Quality Assurance is often treated as the source of good quality in and of itself. That philosophy turns out to be a surprisingly flawed one. After taking our own lumps on the subject of quality years ago, we feel we have a line on the right way to look at it.
We begin by asking how we might define quality for a marketing organization and we arrived at these three factors. All are necessary to consider our work quality.
- Did we deliver what we promised?
- Did we deliver something that will make our client successful?
- Did we deliver something that we can be proud of?
Next, we ask how Quality Assurance can influence these three areas. We believe that the Quality Assurance department is the eye and conscience of the organization. This department provides a clear-headed assessment of the work being done, without the conflicts of interest faced by other project participants, including clients. Their goal is to see the truth about the quality of work performed and ensure that the organization understands that truth in order to make fully informed planning decisions. It is not the role of Quality Assurance to drive for a particular standard of quality. Rather, an effective QA department communicates facts to project managers so that they can work with clients to balance quality against all other important factors.
From time to time, it may be necessary for a Quality Assurance leader to escalate serious quality issues and ensure that very poor quality situations are addressed with maximum awareness and resources. In these cases, the leader is obliged to provide fact-based assessments to help executives and project teams understand the severity of the problem. In addition, it is the responsibility of the Quality Assurance leader to identify when quality-monitoring procedures are not being followed, and then promptly educate teams to correct the issue or escalate the problem to executives for stronger action.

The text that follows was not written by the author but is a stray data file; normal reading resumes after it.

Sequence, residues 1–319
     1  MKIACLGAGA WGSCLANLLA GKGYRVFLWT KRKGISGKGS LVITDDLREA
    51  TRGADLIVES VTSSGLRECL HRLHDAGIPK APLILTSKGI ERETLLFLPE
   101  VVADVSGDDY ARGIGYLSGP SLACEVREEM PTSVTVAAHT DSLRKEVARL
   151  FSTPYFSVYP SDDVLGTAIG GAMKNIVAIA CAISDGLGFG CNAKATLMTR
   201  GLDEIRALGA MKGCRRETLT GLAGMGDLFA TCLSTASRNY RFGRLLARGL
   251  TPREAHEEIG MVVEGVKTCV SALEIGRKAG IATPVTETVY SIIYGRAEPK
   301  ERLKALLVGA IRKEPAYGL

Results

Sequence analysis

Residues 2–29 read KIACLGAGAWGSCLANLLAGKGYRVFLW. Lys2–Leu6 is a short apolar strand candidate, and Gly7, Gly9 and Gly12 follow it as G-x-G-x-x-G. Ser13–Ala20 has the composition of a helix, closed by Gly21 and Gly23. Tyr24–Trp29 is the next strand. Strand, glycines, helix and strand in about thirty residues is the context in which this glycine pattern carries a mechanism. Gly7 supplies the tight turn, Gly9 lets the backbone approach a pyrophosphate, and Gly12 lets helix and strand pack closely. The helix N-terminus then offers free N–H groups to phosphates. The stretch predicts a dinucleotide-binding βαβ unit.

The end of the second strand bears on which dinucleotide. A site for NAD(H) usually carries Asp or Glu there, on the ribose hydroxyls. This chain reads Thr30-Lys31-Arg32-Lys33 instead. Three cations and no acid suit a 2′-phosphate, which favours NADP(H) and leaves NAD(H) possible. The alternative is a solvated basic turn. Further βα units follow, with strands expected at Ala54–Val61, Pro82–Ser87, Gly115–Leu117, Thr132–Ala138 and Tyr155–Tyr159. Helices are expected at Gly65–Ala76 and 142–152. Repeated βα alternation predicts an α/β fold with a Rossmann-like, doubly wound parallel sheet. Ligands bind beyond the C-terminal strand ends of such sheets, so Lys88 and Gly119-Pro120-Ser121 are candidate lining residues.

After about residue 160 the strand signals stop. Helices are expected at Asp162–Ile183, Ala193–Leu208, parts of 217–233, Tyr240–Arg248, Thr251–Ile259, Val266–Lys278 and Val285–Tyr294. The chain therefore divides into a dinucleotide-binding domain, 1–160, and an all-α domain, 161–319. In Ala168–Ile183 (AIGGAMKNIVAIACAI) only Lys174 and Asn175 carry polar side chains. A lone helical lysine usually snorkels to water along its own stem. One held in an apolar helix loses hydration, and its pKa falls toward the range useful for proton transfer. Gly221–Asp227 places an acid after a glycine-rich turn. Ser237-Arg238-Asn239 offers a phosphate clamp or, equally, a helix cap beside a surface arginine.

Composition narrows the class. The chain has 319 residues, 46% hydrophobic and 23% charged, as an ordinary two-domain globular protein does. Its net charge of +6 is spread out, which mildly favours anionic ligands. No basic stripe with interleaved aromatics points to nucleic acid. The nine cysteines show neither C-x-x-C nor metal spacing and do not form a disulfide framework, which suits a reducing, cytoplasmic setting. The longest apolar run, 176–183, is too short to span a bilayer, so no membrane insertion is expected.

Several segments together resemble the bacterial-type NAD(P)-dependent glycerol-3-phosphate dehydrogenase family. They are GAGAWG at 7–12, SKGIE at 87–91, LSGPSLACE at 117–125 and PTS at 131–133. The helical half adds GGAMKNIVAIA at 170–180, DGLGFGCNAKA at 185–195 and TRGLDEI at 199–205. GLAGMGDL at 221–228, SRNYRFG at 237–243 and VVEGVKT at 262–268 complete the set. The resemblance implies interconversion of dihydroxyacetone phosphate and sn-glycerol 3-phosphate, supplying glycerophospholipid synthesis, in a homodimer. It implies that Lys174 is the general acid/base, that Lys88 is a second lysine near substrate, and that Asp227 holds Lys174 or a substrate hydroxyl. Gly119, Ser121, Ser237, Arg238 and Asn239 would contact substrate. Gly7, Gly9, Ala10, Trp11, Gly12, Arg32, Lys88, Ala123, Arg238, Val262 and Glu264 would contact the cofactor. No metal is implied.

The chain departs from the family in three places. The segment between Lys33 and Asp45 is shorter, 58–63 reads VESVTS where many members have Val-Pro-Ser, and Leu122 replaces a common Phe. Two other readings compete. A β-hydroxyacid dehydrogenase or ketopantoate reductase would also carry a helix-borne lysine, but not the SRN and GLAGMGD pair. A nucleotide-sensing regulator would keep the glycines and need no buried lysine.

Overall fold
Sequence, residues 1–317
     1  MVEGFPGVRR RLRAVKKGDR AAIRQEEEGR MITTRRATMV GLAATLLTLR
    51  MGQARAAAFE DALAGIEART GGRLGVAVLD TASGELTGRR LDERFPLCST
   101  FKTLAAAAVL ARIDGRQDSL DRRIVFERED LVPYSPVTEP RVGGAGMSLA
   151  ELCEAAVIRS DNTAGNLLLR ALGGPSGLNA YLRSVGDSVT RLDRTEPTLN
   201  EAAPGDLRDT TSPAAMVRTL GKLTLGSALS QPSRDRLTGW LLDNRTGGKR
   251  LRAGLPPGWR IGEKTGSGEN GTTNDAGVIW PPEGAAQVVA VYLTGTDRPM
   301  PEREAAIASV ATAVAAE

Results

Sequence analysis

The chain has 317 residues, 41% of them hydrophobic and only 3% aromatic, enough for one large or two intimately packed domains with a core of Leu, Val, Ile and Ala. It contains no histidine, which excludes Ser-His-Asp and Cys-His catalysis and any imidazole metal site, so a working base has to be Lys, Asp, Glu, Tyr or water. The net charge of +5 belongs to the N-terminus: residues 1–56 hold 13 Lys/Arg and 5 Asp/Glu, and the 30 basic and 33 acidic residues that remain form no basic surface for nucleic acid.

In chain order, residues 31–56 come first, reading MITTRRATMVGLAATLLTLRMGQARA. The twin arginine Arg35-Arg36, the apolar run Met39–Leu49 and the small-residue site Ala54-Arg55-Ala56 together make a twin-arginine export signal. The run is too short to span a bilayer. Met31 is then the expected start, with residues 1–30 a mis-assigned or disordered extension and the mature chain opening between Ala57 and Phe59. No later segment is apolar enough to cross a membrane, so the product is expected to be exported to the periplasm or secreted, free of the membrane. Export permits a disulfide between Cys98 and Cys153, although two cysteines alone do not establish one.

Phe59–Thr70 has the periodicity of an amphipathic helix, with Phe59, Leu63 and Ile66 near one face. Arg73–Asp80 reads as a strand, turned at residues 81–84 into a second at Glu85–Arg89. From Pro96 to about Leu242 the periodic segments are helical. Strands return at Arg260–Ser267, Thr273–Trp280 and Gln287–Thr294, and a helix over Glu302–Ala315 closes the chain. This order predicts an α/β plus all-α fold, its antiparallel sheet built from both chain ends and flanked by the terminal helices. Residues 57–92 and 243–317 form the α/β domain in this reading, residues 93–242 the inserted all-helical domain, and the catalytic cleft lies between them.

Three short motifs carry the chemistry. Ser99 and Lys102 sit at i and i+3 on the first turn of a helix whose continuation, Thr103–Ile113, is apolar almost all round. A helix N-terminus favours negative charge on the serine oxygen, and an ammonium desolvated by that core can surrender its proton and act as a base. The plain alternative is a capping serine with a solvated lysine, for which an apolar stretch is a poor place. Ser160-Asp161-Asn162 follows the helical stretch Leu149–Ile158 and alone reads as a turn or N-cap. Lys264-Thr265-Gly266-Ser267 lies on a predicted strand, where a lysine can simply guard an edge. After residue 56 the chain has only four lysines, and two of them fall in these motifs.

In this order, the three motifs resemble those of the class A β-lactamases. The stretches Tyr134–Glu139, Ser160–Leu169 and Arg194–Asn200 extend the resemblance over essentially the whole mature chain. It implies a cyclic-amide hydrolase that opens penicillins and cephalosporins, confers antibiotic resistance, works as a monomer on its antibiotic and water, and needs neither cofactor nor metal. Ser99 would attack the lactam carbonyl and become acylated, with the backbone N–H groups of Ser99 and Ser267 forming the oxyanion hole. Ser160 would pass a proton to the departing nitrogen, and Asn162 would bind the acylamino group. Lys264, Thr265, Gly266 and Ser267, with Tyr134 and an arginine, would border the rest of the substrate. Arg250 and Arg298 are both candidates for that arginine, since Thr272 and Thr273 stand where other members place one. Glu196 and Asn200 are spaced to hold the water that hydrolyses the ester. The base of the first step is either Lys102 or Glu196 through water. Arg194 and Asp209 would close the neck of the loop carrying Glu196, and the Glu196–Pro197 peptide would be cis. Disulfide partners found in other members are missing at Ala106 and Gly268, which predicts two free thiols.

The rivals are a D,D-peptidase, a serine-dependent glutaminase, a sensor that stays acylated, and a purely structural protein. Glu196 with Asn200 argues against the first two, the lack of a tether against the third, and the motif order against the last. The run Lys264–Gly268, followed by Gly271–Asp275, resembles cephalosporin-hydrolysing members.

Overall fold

A subtle thing you don’t see in this philosophy is the belief that quality assurance is the source of quality. The source of quality is well-considered design, carefully executed, with thoroughness, by skilled practitioners, given adequate time. Organizations that try to improve quality primarily by adding quality assurance find themselves frustrated as quality assurance teams attempt to seize control of projects to push a quality agenda. This is like the tail trying to wag the dog. Ultimately, the rest of the agency has to adopt project practices that support quality using Quality Assurance for what it truly is, a candle in a dark place.